GW280430A, which represents a class of nondepolarizing muscle relaxants termed asymmetrical mixed-onium chlorofumarates, has undergone preliminary evaluation in cats, 8 nonhuman primates, 4,8 and humans. 9 These studies have consistently demonstrated an ultrashort duration of action, a response attributed to two nonenzymatic processes. 4 The current study confirms a brief duration of action in beagles as well, regardless of whether the drug is administered as a bolus or via continuous infusion.
The primary focus of this investigation was to expand our knowledge of potentially dose-limiting cardiopulmonary side effects associated with GW280430A. Consistent with previous studies, 10 the drug was administered in an escalating dose paradigm, with bolus injections continued until an adverse response—defined as a change of 10% or greater—was produced in one or more observed variables. Within this construct, 25 × ED95 produced an adverse response (a reduction in MAP) in four of six animals that was associated with an increase in plasma histamine. However, this decrease in MAP was modest (< 20%), and when dose-related changes in the average MAP from all animals were analyzed by repeated-measures analysis of variance, the decline produced by 25 × ED95 was not of statistical significance.
Multiple other aspects of the cardiopulmonary response to bolus doses of GW280430A are also noteworthy. First is the observation that even after large doses, there was no evidence of either bronchoconstriction or pulmonary vasoconstriction. Second is the fact that GW280430A did not produce significant change in ascending aortic blood flow. Thus, despite even the substantial transient decrease in MAP produced by 50 × ED95, cardiac output was maintained, indicating marked vasodilation as a major factor in systemic hypotension. Consistent with this response, evaluation of LV inotropy and lusitropy, along with maximal acceleration of blood in the aorta during GW280430A-induced hypotension, failed to show direct depressive effects on myocardial performance.
The results of the study need to be interpreted in the context of certain limitations. First is the relatively narrow scope of this investigation. Although the data clearly characterize multiple aspects of the cardiopulmonary response to GW280430A, they were obtained from a small sample size of purebred dogs anesthetized with thiopental, isoflurane, and nitrous oxide. Accordingly, caution must be exercised in extrapolating our findings to more genetically diverse dog populations, different species, or subjects anesthetized with a different technique. Species considerations in particular are highlighted by the fact that the pharmacokinetics of any drug can vary widely, thus influencing possible side effects as well as inducing species-dependent variation in the onset and the duration of action. For example, although mivacurium produces a relatively brief neuromuscular blockade in most species, the drug exhibits a long duration of action in beagles, 11 a finding that complicates direct comparison of novel short-acting drugs with mivacurium in this animal model. A second limitation relates to the escalating dose paradigm used to elicit potential cardiopulmonary responses. Although the data show that in some animals, large doses of GW280430A produce a transient decrease in MAP coincident with histamine release, the data also show that smaller doses can elicit detectable release of histamine without hemodynamic change. Accordingly, when administered in escalating doses, GW280430A may produce depletion of histamine stores and decrease the magnitude of release that would have occurred if a large dose, such as 25 × ED95, were administered first.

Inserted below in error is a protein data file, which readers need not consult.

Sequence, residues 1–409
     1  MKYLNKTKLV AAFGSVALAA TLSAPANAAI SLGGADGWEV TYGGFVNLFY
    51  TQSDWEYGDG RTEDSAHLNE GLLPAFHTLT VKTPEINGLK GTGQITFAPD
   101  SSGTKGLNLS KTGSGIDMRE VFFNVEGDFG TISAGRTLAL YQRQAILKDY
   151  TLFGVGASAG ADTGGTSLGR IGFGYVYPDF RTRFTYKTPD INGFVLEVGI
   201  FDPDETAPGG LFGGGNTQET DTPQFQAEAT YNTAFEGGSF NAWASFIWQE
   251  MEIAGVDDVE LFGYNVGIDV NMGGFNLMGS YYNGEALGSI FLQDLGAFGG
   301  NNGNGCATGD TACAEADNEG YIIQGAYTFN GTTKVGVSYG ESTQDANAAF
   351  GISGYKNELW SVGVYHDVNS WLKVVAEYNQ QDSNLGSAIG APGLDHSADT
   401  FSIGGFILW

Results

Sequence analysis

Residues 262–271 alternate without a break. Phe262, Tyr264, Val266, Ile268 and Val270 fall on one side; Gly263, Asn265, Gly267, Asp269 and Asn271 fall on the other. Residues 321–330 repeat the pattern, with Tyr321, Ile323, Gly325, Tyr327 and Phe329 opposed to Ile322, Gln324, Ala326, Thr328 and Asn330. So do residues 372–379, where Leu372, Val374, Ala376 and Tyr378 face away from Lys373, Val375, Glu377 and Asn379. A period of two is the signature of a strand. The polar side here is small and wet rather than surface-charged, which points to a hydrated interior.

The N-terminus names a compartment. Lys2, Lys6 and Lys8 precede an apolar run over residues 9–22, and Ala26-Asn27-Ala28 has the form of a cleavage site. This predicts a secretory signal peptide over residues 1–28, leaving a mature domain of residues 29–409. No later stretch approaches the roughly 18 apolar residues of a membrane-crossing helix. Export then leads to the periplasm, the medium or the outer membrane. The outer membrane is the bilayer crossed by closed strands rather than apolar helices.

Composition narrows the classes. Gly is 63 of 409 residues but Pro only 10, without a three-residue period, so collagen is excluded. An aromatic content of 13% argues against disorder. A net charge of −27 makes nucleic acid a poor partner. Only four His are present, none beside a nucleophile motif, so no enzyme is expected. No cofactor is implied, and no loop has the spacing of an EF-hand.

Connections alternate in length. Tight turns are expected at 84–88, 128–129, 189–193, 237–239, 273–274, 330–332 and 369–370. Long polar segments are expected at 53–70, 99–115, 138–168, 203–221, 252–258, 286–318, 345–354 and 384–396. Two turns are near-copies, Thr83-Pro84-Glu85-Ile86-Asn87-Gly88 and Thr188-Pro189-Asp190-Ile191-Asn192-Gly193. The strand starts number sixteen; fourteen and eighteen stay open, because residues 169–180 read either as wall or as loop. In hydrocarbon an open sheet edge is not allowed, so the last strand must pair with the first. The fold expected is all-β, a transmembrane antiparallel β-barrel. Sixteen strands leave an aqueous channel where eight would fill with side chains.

In summary, the data show no hemodynamic effect of GW280430A until a dose at least 25 times greater than the ED95 is administered as a rapid intravenous bolus. This effect is transient, seems to be the result of histamine release with secondary systemic vasodilation, and is not accompanied by changes in peak inspiratory pressure or pulmonary compliance.
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References

1. Marshall RJ, Muir AW, Sleigh T, Savage DS: Research and development of aminosteroid neuromuscular blocking agents: Past and future. Eur J Anesthesiol 1995; 11: 5–10

2. Savarese JJ, Lien CA, Belmont MR, Rubin L: The clinical and basic pharmacology of mivacurium: A short acting nondepolarizing benzylisoquinolinium diester neuromuscular blocking drug. Acta Anaesth Scand 1995; 39: 18–22

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4. Boros EE, Bigham EC, Boswell GE, Mook RA Jr, Patel SS, Savarese JJ, Ray JA, Thompson JB, Hashim MA, Wisowaty JC, Feldman PL, Samano V: Bis- and mixed- tetrahydroisoquinolinium chlorofumarates: New ultra-short-acting nondepolarizing neuromuscular blockers. J Med Chem 1999; 42: 206–9

5. Kaldor I, Feldman PL, Mook RA Jr, Ray JA, Samano V, Sefler AM, Thompson JB, Travis BR, Boros EE: Stereocontrolled synthesis of cis-dibenzoquinolizine chlorofumarates: Curare-like agents of ultrashort duration. J Org Chem 2001; 66: 3495–501

6. Tulner SA, Klautz RJ, van Rijk-Zwikker GL, Engbers FH, Bax JJ, Baan J, van der Wall EE, Dion RA, Steendijk P: Perioperative assessment of left ventricular function by pressure-volume loops using the conductance catheter method. Anesth Analg 2003; 97: 950–7

7. Kass DA, Beyar R: Evaluation of contractile state by maximal ventricular power divided by the square of end-diastolic volume. Circulation 1991; 84: 1698–708

8. Savarese JJ, Belmont MR, Hashim MA, Mook RA Jr, Boros EE, Samano V, Patel SS, Feldman PL, Schultz J-AI, McNulty M, Spitzer T, Cohn DL, Morgan P, Wastila WB: Preclinical pharmacology of GW280430A (AV430A) in the rhesus monkey and in the cat: A comparison with mivacurium. A nesthesiology 2004; 100: 835–45

9. Belmont MR, Lien CA, Tjan J, Bradley E, Stein B, Patel SS, Savarese JJ: Clinical pharmacology of GW280430A in humans. A nesthesiology 2004; 100: 768–73